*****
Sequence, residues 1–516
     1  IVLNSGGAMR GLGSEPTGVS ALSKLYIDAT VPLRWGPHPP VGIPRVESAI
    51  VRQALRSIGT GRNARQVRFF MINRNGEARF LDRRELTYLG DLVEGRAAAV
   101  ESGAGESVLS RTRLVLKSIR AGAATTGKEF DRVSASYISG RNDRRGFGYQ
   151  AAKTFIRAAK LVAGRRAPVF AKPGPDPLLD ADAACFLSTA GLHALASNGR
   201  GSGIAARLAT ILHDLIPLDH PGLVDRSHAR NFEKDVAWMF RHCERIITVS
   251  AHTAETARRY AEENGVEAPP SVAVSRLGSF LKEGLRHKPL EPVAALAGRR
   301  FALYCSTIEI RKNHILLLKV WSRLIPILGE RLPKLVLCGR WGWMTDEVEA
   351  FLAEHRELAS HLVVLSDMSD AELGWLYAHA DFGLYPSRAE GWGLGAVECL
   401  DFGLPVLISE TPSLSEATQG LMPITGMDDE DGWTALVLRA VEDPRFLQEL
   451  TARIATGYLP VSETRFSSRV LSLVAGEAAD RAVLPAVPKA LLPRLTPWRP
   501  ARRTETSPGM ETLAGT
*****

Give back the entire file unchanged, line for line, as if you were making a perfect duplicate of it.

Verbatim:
Sequence, residues 1–516
     1  IVLNSGGAMR GLGSEPTGVS ALSKLYIDAT VPLRWGPHPP VGIPRVESAI
    51  VRQALRSIGT GRNARQVRFF MINRNGEARF LDRRELTYLG DLVEGRAAAV
   101  ESGAGESVLS RTRLVLKSIR AGAATTGKEF DRVSASYISG RNDRRGFGYQ
   151  AAKTFIRAAK LVAGRRAPVF AKPGPDPLLD ADAACFLSTA GLHALASNGR
   201  GSGIAARLAT ILHDLIPLDH PGLVDRSHAR NFEKDVAWMF RHCERIITVS
   251  AHTAETARRY AEENGVEAPP SVAVSRLGSF LKEGLRHKPL EPVAALAGRR
   301  FALYCSTIEI RKNHILLLKV WSRLIPILGE RLPKLVLCGR WGWMTDEVEA
   351  FLAEHRELAS HLVVLSDMSD AELGWLYAHA DFGLYPSRAE GWGLGAVECL
   401  DFGLPVLISE TPSLSEATQG LMPITGMDDE DGWTALVLRA VEDPRFLQEL
   451  TARIATGYLP VSETRFSSRV LSLVAGEAAD RAVLPAVPKA LLPRLTPWRP
   501  ARRTETSPGM ETLAGT